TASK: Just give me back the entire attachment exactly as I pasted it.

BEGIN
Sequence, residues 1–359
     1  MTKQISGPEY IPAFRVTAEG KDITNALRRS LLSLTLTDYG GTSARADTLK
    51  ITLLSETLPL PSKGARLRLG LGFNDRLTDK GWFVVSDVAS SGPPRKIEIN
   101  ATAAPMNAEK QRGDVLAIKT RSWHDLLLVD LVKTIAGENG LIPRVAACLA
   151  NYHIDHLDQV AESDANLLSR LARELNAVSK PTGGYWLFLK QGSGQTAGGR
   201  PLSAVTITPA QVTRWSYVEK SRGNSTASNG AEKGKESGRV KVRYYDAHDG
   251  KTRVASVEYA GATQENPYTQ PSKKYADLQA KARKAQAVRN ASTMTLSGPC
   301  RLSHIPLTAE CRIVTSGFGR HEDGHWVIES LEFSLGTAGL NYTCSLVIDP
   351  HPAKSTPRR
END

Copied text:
Sequence, residues 1–359
     1  MTKQISGPEY IPAFRVTAEG KDITNALRRS LLSLTLTDYG GTSARADTLK
    51  ITLLSETLPL PSKGARLRLG LGFNDRLTDK GWFVVSDVAS SGPPRKIEIN
   101  ATAAPMNAEK QRGDVLAIKT RSWHDLLLVD LVKTIAGENG LIPRVAACLA
   151  NYHIDHLDQV AESDANLLSR LARELNAVSK PTGGYWLFLK QGSGQTAGGR
   201  PLSAVTITPA QVTRWSYVEK SRGNSTASNG AEKGKESGRV KVRYYDAHDG
   251  KTRVASVEYA GATQENPYTQ PSKKYADLQA KARKAQAVRN ASTMTLSGPC
   301  RLSHIPLTAE CRIVTSGFGR HEDGHWVIES LEFSLGTAGL NYTCSLVIDP
   351  HPAKSTPRR